The Great American Augie
The peripatetic hero of The Adventures of Augie March spoke in an idiom entirely new to American literature--an astonishing mix of the high-flown and the low-down. Christopher Hitchens explains why, after almost half a century, Augie remains vibrant and irresistible.
Augie March stands on the Chicago lakeshore at dawn on a New Year’s Day in the 1930s:
"I drank coffee and looked out into the brilliant first morning of the year. There was a Greek church in the next street of which the onion dome stood in the snow polished and purified blue, cross and crown together, the united powers of earth and heaven, snow in all the clefts, a snow like the sand of sugar. I passed over the church too and rested only on the great profound blue. The days have not changed, though the times have. The sailors who first saw America, that sweet sight, where the belly of the ocean had brought them, didn’t see more beautiful color than this."
Nick Carraway stands on the Long Island shoreline at the close of The Great Gatsby:
"And as the moon rose higher the inessential houses began to melt away until gradually I became aware of the old island here that flowered once for Dutch sailors’ eyes—a fresh green breast of the new world. . . . The trees that had made way for Gatsby’s house had once pandered in whispers to the last and greatest of all human dreams; for a transitory enchanted moment man must have held his breath in the presence of this continent . . . face to face for the last time in history with something commensurate to his capacity for wonder."
One man is reflecting at day’s end and one at day’s beginning. Both have just been put through it by flawed and wretched humanity. Nick Carraway has been to several funerals, and Augie March has had a close shave while helping a girl who isn’t his girlfriend survive an illegal abortion. Both draw strength from the idea of America. Nick derives consolation, but Augie, it might be truer to say, finds inspiration. Reflecting on Jay Gatsby’s futile quest—his “dream”—Nick decides that Gatsby “did not know that it was already behind him, somewhere back in that vast obscurity beyond the city, where the dark fields of the republic rolled on under the night.” Augie doesn’t take much stock in dreams, and he is about to venture onto those very fields.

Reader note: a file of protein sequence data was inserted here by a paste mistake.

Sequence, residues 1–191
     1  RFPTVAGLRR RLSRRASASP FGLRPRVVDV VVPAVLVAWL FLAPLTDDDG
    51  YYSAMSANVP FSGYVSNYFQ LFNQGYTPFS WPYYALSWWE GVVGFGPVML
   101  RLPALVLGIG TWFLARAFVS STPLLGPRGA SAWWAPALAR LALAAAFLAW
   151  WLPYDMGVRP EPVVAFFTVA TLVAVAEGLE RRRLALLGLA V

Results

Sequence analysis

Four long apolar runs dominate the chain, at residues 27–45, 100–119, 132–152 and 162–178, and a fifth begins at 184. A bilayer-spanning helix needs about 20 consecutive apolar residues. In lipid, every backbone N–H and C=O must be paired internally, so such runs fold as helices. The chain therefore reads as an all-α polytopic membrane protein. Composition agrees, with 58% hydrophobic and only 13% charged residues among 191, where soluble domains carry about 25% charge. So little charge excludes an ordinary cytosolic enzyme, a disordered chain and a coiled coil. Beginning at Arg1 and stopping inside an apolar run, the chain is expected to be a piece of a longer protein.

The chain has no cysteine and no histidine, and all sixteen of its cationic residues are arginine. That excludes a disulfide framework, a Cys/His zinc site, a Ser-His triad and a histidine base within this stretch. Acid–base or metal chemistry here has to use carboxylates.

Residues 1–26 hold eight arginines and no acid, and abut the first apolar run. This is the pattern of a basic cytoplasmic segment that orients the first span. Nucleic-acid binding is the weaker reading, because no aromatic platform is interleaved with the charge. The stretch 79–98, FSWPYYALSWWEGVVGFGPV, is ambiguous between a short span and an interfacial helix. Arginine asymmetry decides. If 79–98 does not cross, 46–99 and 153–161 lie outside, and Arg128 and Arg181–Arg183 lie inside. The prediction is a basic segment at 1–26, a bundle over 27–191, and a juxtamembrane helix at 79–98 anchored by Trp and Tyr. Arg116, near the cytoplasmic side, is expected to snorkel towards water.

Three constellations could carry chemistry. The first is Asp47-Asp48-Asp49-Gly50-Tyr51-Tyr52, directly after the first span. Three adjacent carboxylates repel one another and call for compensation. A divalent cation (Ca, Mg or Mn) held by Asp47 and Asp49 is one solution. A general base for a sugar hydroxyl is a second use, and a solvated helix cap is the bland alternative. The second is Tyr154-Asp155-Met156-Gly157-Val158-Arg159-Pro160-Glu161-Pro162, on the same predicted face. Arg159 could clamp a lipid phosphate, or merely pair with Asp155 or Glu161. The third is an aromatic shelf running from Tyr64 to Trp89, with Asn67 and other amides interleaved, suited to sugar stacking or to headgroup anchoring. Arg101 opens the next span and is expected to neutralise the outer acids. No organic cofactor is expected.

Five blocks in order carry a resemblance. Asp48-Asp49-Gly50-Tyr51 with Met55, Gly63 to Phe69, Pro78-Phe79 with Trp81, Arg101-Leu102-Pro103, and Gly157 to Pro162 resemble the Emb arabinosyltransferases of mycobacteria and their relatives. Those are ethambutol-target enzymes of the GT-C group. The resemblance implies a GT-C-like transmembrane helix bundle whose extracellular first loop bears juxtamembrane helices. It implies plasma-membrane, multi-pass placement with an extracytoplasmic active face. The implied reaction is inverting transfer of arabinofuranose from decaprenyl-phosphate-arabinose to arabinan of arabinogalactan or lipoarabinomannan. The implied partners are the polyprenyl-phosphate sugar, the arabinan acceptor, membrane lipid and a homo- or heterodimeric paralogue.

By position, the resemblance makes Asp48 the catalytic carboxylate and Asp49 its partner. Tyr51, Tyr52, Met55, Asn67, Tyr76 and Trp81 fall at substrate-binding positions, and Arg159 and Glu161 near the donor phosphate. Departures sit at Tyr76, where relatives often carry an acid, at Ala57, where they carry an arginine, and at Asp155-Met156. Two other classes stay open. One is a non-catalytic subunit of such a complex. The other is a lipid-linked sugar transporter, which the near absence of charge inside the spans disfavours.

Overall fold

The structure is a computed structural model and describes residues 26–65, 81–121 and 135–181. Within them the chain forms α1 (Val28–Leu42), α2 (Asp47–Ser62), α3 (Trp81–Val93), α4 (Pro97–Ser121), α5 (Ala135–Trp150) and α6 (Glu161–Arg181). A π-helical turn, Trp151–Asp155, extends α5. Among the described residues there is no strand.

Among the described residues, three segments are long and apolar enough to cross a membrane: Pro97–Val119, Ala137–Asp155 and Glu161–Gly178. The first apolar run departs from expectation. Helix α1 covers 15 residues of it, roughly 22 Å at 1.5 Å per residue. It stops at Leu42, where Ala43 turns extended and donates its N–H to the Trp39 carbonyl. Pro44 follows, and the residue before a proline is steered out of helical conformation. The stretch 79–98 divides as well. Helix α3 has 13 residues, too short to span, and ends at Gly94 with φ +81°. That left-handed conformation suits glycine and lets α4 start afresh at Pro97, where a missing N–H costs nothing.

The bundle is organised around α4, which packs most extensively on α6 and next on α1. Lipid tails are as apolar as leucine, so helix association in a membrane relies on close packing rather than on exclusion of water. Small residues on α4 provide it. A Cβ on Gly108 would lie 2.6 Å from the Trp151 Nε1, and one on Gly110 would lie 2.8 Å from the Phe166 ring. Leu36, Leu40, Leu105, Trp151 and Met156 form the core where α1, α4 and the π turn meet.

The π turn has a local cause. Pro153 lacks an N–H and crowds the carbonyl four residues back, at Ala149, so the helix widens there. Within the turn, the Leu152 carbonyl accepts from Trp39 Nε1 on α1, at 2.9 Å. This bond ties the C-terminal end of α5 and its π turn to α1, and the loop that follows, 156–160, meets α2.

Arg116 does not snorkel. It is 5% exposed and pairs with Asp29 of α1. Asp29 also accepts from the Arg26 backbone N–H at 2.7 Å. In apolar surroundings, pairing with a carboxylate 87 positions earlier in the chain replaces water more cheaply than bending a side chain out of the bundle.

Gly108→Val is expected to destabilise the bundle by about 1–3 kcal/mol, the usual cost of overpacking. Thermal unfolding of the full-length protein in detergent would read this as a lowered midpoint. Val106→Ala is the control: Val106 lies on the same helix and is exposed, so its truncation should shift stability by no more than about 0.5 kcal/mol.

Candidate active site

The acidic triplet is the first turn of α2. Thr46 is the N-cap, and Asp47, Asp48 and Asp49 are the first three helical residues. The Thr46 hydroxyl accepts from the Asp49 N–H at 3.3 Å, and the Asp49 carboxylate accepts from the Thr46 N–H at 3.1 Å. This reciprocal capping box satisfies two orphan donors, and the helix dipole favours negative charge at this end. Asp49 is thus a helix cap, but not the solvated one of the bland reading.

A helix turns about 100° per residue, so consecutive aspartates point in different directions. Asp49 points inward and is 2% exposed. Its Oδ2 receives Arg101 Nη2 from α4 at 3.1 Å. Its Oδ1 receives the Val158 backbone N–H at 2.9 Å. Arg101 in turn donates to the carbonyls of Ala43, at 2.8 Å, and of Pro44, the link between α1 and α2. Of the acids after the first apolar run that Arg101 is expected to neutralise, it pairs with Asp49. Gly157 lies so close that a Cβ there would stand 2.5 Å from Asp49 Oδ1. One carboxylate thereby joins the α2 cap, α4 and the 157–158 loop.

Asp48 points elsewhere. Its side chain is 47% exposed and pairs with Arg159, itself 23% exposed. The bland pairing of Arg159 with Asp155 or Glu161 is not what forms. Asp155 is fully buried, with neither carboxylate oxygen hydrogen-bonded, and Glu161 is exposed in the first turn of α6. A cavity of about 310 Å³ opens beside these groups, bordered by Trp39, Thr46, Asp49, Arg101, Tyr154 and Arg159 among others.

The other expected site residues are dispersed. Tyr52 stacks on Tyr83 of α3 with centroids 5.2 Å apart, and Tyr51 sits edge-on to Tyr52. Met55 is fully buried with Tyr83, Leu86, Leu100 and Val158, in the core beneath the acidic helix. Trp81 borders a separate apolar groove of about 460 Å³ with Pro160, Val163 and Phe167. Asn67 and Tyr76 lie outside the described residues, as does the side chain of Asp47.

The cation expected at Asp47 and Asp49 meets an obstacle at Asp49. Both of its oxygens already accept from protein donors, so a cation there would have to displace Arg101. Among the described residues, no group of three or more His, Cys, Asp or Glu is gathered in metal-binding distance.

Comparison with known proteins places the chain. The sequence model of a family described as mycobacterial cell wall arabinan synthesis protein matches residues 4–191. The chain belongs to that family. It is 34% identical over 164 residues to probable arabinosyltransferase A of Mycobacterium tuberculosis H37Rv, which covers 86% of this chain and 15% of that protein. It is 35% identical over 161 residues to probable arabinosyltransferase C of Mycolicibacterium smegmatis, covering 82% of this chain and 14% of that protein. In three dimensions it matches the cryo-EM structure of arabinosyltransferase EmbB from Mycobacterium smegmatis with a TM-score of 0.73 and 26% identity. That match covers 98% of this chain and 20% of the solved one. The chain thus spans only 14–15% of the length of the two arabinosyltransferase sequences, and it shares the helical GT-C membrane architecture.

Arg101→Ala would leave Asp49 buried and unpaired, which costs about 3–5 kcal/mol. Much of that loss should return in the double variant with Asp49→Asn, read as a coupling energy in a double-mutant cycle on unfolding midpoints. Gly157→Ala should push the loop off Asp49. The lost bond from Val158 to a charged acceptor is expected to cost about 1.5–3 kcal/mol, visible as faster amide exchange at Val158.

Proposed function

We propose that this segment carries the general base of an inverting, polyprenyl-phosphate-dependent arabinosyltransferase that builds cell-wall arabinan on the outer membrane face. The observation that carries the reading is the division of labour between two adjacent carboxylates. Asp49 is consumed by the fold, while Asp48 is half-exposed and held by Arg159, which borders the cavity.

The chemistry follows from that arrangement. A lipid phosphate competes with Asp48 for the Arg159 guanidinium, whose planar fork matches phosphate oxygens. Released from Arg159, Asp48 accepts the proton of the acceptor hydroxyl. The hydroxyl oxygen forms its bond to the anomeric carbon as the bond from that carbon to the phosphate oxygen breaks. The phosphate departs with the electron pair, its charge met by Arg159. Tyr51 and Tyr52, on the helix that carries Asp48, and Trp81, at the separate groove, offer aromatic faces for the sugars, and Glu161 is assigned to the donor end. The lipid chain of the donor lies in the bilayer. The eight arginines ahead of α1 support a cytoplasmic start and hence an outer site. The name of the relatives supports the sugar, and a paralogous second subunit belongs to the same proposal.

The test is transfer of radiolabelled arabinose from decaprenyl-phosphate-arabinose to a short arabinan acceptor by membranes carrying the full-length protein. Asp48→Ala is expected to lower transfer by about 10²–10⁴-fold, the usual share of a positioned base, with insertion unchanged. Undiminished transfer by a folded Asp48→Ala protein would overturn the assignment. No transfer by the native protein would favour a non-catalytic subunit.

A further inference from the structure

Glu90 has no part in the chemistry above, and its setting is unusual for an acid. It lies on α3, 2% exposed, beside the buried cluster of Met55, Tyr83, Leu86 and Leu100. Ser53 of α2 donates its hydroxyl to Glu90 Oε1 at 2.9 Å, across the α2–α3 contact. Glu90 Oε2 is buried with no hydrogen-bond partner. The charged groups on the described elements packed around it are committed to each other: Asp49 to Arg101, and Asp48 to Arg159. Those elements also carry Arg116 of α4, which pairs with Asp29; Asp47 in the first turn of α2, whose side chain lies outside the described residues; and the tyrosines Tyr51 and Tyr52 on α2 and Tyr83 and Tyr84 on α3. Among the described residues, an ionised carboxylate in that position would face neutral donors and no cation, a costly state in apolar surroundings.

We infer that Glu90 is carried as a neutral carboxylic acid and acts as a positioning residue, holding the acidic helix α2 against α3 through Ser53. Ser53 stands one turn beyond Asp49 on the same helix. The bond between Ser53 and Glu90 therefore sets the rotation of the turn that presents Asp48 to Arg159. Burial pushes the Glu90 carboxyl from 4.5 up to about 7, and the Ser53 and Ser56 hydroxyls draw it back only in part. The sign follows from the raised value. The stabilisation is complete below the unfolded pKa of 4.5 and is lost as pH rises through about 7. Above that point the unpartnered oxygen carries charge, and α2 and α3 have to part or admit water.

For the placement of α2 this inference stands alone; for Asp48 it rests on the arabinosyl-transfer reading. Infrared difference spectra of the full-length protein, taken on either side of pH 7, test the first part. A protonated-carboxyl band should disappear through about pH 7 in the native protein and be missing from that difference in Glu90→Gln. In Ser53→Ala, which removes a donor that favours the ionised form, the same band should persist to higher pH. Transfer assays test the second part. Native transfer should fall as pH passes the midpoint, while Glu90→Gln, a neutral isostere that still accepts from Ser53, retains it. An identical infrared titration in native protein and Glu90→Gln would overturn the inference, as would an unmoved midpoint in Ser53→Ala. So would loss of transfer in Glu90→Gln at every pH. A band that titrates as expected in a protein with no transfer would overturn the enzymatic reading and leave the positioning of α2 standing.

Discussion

I do not set up as a member of the jury in the Great American Novel contest, if only because I’d prefer to see the white whale evade capture a while longer. It’s more interesting that way. However, we do belong to a ranking species, and there’s no denying that the contest is a real one. The advantage The Adventures of Augie March (1953), Saul Bellow’s third novel, has over The Great Gatsby (1925), which, coincidentally, was F. Scott Fitzgerald’s third novel too, derives from its scope, its optimism, and, I would venture, its principles. Or rather, its principle, which Augie states clearly in the opening pages and never loses sight of:
"What did Danton lose his head for, or why was there a Napoleon, if it wasn’t to make a nobility of us all? And this universal eligibility to be noble, taught everywhere, was what gave Simon airs of honor."